Ok, I'm going to look closely at how much water movement I have and consider adding a powerhead. I am using an Eheim 2336 and the output has quite a current - after much fooling around I figured out an angle that will provide fast moving water around much of the tank, and nice slow current in some other areas. This looks pretty good to me but maybe I can do a bit better. I like a 'mellow' sort of tank so I don't want too much movement in there but if it's better for the plants I will check it out.

The lamp that you suggested may work, but I have this unusual requirement in that the tank is in our living room and part of my agreement with my wife is that it be reasonably simple/attractive to look at. That means no hanging/pendant lights or bright lights leaking out the sides, etc.

The Coralive T5 double strip is just perfect because it can sit right on the glass - low profile and no light leaking out (well, nominal) so I'm liking that one. If there was a 12 inch unit that I could stick in the back that would be a big winner.

The one that you suggested might send light all over the corner of our living room since it looks like it can't sit right on the glass. I wonder, however, if something like this (http://www.bigalsonline.com/BigAlsUS/ctl3684/cp18366/si2989513/cl0/currentusa1225powerbriteledlightfixture10000kdayli ght)would be ok. What's great about that unit is that it runs cool and is SHORT so I could put it perpendicular to the other light, with one end in a far corner/rear of the tank - that would really give a nice light distribution and will sit right on the glass.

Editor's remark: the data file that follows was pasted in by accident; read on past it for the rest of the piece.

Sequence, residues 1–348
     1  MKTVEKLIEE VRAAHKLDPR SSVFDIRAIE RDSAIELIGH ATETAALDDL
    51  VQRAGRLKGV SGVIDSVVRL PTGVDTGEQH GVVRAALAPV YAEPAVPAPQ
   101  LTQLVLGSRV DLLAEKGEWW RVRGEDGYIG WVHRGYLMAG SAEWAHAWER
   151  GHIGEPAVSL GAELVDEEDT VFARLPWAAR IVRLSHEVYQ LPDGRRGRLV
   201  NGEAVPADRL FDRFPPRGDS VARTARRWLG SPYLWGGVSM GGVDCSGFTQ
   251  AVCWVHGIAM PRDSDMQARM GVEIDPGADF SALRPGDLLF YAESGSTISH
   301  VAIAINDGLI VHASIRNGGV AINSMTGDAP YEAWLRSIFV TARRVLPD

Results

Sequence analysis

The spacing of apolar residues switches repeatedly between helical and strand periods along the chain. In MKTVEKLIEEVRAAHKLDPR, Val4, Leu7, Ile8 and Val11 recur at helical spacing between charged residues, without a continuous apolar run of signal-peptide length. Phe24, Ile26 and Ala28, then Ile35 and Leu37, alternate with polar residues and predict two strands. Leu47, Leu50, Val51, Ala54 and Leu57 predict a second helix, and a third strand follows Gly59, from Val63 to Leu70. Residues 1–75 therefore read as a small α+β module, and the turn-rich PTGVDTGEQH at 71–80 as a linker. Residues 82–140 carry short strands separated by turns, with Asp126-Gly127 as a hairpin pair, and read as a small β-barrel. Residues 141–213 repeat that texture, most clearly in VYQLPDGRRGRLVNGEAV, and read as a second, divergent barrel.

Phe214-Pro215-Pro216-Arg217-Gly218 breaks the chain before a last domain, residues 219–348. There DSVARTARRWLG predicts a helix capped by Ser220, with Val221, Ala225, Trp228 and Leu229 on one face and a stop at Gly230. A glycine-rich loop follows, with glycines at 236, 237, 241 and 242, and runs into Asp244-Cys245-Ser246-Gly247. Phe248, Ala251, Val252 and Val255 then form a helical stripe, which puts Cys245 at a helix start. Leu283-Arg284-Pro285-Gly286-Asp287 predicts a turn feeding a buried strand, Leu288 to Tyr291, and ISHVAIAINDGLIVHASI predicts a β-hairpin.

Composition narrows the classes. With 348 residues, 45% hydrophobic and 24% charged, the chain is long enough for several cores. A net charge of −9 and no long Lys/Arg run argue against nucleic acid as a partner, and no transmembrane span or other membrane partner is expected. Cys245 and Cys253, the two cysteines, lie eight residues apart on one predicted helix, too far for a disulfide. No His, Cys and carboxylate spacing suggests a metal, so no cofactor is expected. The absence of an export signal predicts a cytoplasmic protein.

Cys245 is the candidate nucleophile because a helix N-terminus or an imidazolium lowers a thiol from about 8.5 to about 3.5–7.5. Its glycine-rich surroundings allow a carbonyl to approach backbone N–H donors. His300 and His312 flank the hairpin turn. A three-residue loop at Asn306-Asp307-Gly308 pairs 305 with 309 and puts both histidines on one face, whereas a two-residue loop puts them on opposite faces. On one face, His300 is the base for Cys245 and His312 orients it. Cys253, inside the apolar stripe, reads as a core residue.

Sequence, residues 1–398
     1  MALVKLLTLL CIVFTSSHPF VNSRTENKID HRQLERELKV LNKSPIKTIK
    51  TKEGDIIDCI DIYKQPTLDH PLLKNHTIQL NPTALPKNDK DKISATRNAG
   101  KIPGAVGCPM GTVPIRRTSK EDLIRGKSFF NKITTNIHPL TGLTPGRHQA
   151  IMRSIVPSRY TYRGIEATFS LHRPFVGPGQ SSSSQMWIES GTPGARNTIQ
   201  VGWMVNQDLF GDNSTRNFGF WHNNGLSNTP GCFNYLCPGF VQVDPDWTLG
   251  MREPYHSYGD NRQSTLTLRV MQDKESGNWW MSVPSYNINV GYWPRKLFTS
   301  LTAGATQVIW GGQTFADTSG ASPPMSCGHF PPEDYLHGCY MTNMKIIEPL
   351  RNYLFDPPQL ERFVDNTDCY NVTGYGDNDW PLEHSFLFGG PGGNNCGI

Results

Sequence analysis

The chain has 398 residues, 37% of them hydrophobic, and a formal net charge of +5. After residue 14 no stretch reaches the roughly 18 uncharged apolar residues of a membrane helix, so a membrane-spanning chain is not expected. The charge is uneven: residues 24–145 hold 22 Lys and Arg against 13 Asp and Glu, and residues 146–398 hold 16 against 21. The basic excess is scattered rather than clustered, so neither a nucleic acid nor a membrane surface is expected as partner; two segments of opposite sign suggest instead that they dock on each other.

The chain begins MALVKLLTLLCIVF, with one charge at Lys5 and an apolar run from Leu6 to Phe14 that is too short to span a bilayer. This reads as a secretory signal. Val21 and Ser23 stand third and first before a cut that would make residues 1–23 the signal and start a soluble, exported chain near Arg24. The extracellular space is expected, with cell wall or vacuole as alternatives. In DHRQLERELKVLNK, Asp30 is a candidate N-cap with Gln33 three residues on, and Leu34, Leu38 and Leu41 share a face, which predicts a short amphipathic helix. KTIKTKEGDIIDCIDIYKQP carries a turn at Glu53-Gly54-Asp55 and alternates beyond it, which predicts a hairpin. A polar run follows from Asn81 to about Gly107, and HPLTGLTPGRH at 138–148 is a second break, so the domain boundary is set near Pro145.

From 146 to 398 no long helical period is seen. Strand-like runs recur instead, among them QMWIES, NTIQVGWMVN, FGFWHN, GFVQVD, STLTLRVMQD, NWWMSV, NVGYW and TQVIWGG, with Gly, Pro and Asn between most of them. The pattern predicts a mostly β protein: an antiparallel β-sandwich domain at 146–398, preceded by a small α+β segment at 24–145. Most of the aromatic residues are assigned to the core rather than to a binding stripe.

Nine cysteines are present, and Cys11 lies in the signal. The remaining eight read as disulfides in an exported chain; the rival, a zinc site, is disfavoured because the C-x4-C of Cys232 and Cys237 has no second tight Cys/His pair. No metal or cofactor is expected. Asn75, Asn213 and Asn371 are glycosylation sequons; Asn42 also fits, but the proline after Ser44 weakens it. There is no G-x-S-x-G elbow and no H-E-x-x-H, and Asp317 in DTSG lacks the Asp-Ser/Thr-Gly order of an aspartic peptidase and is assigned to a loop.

What makes this hard for me is that it's tough to compare the light - I wonder how much power this light puts out in terms of how much it will benefit the plants, etc.

Regardless, I think that putting a perpendicular light from the rear corner might be a good way to go if I can find one that will sit right on the glass top. Getting a glass/acryilic corner piece to replace the black plastic that came with the hood/cover seems easy enough.

Dave-H
08-03-2010, 06:29 AM
This (http://www.directaquarium.com/Coralife-Mini-Freshwater-Aqualight-Compact-2X9W-9-p/11015.htm)could work although it's not that strong and has been discontinued. I wonder if I could find one.

Plant Man
08-03-2010, 02:12 PM
12.25" Powerbrite LED Light Fixture (10,000K Daylight)

I think this is much better then what I suggested, good find! It says it's a 10,000K so you really can't go to wrong with that. I would definitely give that one a try, if it lights up the back your set.

Dave-H
08-03-2010, 03:24 PM
12.25" Powerbrite LED Light Fixture (10,000K Daylight)

I think this is much better then what I suggested, good find! It says it's a 10,000K so you really can't go to wrong with that. I would definitely give that one a try, if it lights up the back your set.

Awesome! This can really work well because it will sit right on the glass for cosmetic purposes and I like the way that LED's work. Another benefit of this approach is that if the light is not strong enough, I can simply add another strip because these are linkable.

I wanted to ask: how do I estimate the power of this strip so that I decide whether I need 1 or 2?

My other 'best' option is to take a 12 inch fluorescent housing and retrofit it with a 2 x 9 watt CF setup. That's about the same price, but I'd have to do a bit of work to get it going. I wonder if two LED's would be more effective light than 18 watts of CF.

If I get two, I can have an LED against the back wall (well, say 6 inches out from it) on either side of the tank - a triangular light setup for a triangular tank! Very slick!